In this photo taken on Sunday, April 17, 2016, migrants ask for help from a dinghy as they are approached by the SOS Mediterranee's ship Aquarius, background, off the coast of the Italian island of Lampedusa. (Patrick Bar/SOS Mediterranee via AP)

As many as 500 migrants seeking a better future in Europe may have drowned last week in the Mediterranean Sea between Libya and Italy, U.N. refugee officials said Wednesday.

If confirmed, the toll would make the incident one of the worst tragedies involving refugees and migrants in the past year.

On Tuesday, a team from the Office of the U.N. High Commissioner for Refugees (UNHCR) spoke with some of the 41 survivors of the alleged accident who had arrived at Kalamata, a town on Greece’s Peloponnese peninsula, the U.N. agency said in a statement.

“If confirmed, as many as 500 people may have lost their lives when a large ship went down in the Mediterranean Sea at an unknown location between Libya and Italy,” the agency said.

One of the survivors, an Ethiopian man named Mohamed who was traveling with his family, told the International Organization for Migration (IOM): “I saw my wife and my 2-month-old child die at sea, together with my brother-in-law. . . . The boat was going down . . . down. . . . All the people died in a matter of minutes.”

Italian Foreign Minister Paolo Gentiloni confirms reports of hundreds of migrants drowning when their boat sank in the Mediterranean. (Reuters)

The survivors “drifted at sea for a few days without food, without anything,” Mohamed said, adding that he thought “I was going to die.” He said the travelers had intended to go to Italy, not Greece.

“The testimonies we gathered are heartbreaking,” IOM Athens Chief of Mission Daniel Esdras said in a statement. “We await further investigations by authorities to better understand what actually happened and find hopefully evidence against criminal smugglers.”

With summer approaching and the seas becoming calmer, this tragedy may be a harbinger of a deeper emerging crisis. So far this year, about 25,000 migrants and refugees have reached the shores of Italy from North Africa, according to Italian authorities. Although those numbers are slightly more than the 24,000 who arrived during the same period last year, the United Nations and other refugee organizations are expecting more people to take rickety boats plying the risky routes across the Mediterranean to Italy.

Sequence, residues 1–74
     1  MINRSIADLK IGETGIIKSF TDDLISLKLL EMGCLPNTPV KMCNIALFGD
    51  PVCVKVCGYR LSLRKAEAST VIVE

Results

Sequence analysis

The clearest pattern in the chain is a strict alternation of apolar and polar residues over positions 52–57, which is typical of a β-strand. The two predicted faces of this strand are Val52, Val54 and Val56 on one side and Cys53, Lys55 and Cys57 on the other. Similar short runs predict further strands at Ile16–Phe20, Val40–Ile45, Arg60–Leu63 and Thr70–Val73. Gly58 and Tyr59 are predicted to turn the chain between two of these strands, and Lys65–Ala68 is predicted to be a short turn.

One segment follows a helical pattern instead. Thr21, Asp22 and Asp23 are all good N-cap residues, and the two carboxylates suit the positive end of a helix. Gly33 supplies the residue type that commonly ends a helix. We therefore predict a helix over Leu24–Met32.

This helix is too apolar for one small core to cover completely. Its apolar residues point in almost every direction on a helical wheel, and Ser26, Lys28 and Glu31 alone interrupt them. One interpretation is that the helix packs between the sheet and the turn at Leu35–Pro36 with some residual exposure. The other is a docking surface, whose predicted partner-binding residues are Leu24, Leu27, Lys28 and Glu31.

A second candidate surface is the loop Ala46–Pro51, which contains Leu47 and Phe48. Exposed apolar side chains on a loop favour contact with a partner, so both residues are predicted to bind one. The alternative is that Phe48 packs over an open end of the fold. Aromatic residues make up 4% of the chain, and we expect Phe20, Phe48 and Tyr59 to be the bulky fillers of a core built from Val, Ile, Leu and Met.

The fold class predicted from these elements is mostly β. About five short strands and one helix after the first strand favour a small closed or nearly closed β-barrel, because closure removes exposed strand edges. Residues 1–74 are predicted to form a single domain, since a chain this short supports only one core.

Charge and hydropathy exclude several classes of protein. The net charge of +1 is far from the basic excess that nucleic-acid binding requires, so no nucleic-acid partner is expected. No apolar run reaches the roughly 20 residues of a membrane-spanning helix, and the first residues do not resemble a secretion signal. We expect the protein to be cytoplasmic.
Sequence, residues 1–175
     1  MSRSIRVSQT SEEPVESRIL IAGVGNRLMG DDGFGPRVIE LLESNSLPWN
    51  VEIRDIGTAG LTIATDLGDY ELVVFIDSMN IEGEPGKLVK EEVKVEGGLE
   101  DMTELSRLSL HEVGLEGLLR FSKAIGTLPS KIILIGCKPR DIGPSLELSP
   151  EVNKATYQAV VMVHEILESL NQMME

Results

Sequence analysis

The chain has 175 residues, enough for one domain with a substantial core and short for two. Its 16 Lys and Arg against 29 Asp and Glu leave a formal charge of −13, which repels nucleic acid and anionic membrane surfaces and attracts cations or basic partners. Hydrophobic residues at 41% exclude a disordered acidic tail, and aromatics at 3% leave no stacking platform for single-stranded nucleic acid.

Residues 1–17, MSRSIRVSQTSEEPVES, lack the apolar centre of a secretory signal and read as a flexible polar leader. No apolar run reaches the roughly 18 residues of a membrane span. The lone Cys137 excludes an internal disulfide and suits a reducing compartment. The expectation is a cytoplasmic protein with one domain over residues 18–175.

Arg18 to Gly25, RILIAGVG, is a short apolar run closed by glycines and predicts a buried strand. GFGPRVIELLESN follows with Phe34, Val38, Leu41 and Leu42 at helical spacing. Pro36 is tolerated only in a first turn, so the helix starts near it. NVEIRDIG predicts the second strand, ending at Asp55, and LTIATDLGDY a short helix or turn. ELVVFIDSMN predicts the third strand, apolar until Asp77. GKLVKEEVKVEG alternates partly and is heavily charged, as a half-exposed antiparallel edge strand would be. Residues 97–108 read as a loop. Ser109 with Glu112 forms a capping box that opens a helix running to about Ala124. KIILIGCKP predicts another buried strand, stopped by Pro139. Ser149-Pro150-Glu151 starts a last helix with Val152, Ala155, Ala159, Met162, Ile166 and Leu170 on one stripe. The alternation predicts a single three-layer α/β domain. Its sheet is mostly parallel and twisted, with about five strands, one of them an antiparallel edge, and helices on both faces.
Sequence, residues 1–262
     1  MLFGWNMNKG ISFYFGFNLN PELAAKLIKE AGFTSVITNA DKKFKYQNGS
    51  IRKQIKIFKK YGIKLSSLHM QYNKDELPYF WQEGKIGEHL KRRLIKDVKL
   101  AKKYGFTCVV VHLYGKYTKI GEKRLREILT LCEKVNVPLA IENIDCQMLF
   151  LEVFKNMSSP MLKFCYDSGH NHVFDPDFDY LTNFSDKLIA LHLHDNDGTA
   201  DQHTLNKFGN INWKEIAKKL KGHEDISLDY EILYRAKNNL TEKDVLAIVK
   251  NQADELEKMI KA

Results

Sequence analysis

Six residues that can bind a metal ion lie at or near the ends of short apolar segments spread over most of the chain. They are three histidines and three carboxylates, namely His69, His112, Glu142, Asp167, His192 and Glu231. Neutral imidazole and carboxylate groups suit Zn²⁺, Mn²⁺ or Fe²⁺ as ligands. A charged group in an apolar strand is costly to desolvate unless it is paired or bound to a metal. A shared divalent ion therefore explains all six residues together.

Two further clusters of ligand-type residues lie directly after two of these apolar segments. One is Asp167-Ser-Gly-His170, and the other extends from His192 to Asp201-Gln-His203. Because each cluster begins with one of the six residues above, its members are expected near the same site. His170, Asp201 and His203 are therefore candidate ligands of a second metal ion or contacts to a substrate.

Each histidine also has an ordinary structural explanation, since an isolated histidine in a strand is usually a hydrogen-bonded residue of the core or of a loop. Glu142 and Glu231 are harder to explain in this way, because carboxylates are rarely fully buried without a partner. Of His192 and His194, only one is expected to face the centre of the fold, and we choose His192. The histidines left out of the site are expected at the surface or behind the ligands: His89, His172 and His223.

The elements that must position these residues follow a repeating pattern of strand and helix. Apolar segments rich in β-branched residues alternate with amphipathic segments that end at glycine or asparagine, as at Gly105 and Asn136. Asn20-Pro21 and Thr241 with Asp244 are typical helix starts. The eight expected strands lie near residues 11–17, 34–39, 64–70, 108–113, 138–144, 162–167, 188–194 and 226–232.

According to the IOM, this latest tragedy would raise the number of migrants who have perished on the Mediterranean Sea’s central route between North Africa and Europe to nearly 800 this year.

In addition, about 380 migrants reportedly have died in 2016 on the eastern Mediterranean route between Turkey and Greece, and about five migrants on the western route linking Morocco and Spain, the IOM reported. The group’s Missing Migrants project counts about 1,200 migrants killed this year on all Mediterranean routes. Last year, through the entire month of April, the IOM reported that more than 1,730 migrants died or disappeared.

A controversial agreement between the European Union and Turkey has dramatically reduced the number of refugees reaching the Greek islands. Balkan nations are closing their borders as well, preventing travel from Greece to Germany and beyond. That has triggered fears that more refugees and migrants could attempt to enter Europe from Egypt or Libya.

In this Sept 2, 2015 file photo, migrants crowd the bridge of the Norwegian ship Siem Pilot sailing along the Mediterranean sea. (Gregorio Borgia/AP)

Last year, more than 1 million migrants and refugees crossed the Mediterranean. They were mostly fleeing the wars in Syria, Iraq and Afghanistan, using Turkey as a launching pad to Greece and then deeper into Europe. But the crossing from North Africa to Italy has historically been more perilous than the one from Turkey to Greece.

The survivors in Kalamata included 37 men, three women and a 3-year-old child. They were from Somalia, Ethiopia, Egypt and Sudan. All were rescued by a merchant ship that then took them to Greece.

“The survivors told us that they had been part of a group of between 100 and 200 people who departed last week from a locality near Tobruk in Libya on a 30-meter-long [90-foot] boat,” the UNHCR said.

After sailing for several hours, the smugglers tried to transfer the passengers to a larger ship “carrying hundreds of people in terribly overcrowded conditions,” the U.N. agency said.

“At one point during the transfer, the larger boat capsized and sank,” it added.

The 41 survivors included people who had not yet boarded the bigger ship and some who managed to swim back to the smaller boat, the UNHCR said.

The survivors then drifted at sea for about three days before they were rescued by the merchant ship on Saturday.

The survivors are being housed by local authorities at a stadium in Kalamata.

Almost exactly a year ago, as many as 700 migrants and refugees were believed to have died when their boat capsized north of Libya. It was the deadliest known sea disaster involving people crossing the Mediterranean in efforts to escape conflict or poverty.

On Wednesday, the UNHCR again stressed its call for more “regular pathways” to Europe for refugees and asylum seekers, including “resettlement and humanitarian admission programs, family reunification, private sponsorship and student and work visas for refugees.”

“These will all serve to reduce the demand for people smuggling and dangerous irregular sea journeys,” the agency said.